I am 27 and have been in a relationship for pretty much the entirety of my 20s.
Of course, things weren’t always perfect between my boyfriend and me. I spent my early-mid 20s panicking constantly about whether or not he was “the one” and fearing that if we broke up, I would have to start over at 24, or even worse, 27. I compared my love and sex life to literally everyone else I knew. We fought – a lot. I did some things I now regret, and so did he. We broke up a few times and had periods where “we were on a break,” but somehow we stuck it out and are happy as hell together today.
After doing a lot of stupid shit and watching my friends do a lot of stupid shit, I have learned a great deal about love and dating. Here are 12 things I wish I knew about relationships in my early and mid 20s.
1. You’re not “wasting your time” if you don’t know whether or not you want to end up with the person you’re dating.
How can you know if you really want to be with someone without giving it a try?
2. But you might be wasting your time if you know the person you’re with has no intention of staying with you forever.
Don’t hang around because you think you can convince someone to like you. Don’t assume someone is going to change. Don’t stay with someone who doesn’t take you seriously. Know your worth.
3. If you have a gut feeling that your significant other isn’t the one, listen to it.
Don’t ignore it because your life timeline says you have to get engaged in two years and you don’t want to go through the process of finding someone new again. The minute you start to feel uneasy about your relationship, take action. You don’t want to wake up at 30 and decide now is the time to find someone else when you could have ended it years ago.
4. It’s not worth it to stay with someone if all you do is fight.
If you aren’t married and you don’t have kids, you shouldn’t have to keep trying to fix your relationship. After all, you can only fix so much. At some point you need to give it up, move on, and remember if it’s meant to be, you’ll get back together.
5. And it’s definitely not worth it to stay with someone who makes you cry.
You deserve to be happy and there are plenty of people out there who would do the opposite of cause you tears. Why not start looking for that person now?
6. Don’t move in together because you think it will save you money or because you have no one to live with and you don’t want to move in back with your parents.
Move in together because you love each other and because you are ready.
7. A shared home is not a reason to stay together.
An apartment is not a baby or a marriage certificate. You don’t have to keep fighting for your relationship because you’ve already committed to each other financially. If it’s not working, it’s not working, and you need to accept that.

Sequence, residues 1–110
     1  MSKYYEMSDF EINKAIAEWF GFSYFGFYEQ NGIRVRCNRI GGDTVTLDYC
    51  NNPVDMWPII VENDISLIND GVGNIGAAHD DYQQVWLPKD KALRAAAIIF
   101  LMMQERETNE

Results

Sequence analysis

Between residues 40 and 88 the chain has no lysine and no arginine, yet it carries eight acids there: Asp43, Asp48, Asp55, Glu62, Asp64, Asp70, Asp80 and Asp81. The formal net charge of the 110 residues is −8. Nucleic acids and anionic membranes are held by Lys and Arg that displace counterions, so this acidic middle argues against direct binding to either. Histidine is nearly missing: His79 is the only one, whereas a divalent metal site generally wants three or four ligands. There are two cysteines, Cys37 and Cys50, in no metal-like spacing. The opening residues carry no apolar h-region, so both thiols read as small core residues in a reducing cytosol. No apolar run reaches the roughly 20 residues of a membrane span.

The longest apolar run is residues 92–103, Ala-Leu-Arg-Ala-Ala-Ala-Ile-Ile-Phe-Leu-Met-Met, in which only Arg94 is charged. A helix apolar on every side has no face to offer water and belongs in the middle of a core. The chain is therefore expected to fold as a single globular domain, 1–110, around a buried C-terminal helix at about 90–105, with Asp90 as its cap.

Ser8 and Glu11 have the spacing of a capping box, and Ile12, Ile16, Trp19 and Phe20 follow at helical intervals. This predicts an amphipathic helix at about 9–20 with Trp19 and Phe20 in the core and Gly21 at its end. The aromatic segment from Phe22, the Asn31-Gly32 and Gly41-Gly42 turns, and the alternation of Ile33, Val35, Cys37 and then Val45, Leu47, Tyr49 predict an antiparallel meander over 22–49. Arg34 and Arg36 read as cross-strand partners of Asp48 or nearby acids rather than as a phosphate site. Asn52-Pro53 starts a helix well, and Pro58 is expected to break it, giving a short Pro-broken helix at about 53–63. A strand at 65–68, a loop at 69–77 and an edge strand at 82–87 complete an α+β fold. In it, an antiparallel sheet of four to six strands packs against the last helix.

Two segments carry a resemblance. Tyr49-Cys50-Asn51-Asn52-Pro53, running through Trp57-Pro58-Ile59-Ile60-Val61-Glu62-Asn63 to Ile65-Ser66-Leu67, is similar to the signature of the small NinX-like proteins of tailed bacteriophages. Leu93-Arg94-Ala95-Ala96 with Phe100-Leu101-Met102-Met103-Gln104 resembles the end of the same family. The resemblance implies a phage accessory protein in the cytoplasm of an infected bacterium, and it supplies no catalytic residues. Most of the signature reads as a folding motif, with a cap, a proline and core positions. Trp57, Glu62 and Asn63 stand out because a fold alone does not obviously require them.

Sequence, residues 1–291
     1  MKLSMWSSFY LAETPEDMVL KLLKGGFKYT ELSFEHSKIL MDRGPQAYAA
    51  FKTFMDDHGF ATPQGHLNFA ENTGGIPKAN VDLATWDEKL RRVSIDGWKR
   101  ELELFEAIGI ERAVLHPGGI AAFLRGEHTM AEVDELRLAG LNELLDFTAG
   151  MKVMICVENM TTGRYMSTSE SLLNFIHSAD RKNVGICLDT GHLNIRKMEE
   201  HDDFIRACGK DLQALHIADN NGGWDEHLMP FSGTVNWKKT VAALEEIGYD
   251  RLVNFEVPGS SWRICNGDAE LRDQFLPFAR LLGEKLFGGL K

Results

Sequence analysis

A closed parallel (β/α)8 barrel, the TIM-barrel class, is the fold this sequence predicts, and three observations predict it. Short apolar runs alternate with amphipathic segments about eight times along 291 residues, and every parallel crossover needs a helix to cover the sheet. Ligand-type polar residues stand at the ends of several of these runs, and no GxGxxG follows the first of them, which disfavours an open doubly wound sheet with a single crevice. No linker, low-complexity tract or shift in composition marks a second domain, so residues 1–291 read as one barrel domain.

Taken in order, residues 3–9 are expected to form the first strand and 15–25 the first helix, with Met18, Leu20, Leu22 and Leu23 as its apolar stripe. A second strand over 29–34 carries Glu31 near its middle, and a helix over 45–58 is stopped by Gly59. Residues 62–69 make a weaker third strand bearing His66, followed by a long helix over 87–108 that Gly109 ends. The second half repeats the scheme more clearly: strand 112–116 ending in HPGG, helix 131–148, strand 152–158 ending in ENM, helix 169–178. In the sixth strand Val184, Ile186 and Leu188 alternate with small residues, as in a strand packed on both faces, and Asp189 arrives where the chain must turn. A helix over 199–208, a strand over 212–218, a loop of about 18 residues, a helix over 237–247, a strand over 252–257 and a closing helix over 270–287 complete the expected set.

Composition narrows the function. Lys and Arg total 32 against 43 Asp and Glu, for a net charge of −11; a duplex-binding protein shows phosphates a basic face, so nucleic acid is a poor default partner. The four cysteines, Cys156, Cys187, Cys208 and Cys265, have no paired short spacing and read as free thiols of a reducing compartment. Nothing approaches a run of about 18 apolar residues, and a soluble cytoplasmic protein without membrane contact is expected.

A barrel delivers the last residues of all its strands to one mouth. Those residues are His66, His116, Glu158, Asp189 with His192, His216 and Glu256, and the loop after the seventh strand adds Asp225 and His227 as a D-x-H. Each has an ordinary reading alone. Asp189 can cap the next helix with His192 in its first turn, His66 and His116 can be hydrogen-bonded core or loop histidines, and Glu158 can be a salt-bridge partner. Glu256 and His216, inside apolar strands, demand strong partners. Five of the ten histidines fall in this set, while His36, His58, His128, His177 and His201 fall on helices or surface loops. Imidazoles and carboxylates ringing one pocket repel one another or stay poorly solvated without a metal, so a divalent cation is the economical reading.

8. Don’t hook up with or date your friends.
The minute you get involved physically and/or emotionally with a friend, you are taking a big risk both with your relationship with that person and the relationship with all of your mutual friends. If it goes well, great, but if it doesn’t, your friends will either choose sides, destroying your friend group, or they won’t choose sides at all and will just feel uncomfortable around the two of you. They’ll also never talk to you about it, leaving you with no one to vent to when things go south.
9. It’s never too early to start talking about what you want in life with your partner.
You might find out after dating for five years that one of you wants kids and the other doesn’t. But what if you found that out five years ago? Wouldn’t you want to address these types of situations now so you don’t spend your 20s with someone who it’s just not going to work out with?
10. If someone wants to be with you, they will be with you.
You won’t have to convince them or force them or annoy them. You won’t have to listen to excuses like “I’m too busy for a relationship” or “I wouldn’t be a good boyfriend/girlfriend.” You won’t have to overanalyze comments like “I’m not into you,” which – by the way – always means they’re actually just not into you. If two people are into each other, they will be together. Sure, love sometimes isn’t enough, but it’s enough to at least spark an exclusive relationship — no work necessary.
11. Don’t compare your love life to anyone else’s.
It doesn’t matter if you feel like “everyone is single” or “everyone is in a relationship.” You need to do you. If it takes you longer than your friends to find that special someone, then so be it. And if you find that special someone before any of your friends get into serious relationships, then whatever. Life is different for everyone. Go with it.
12. Don’t base decisions concerning your love life on a timeline you created years ago of when you want to be married and start having kids.
Things will happen when they happen. The only thing you’re doing if you rush into something because of an unofficial timeline is increasing your chance of a divorce. If you’re in your 20s, you’re still young. Now is the time to try things out and make crazy, impulsive decisions. After all, there’s no such thing as a bad decision when it comes to love. Just experiences that you learn from. And you’d rather have those experiences at 28 rather than in your 30s, 40s, 50s, or even later, right?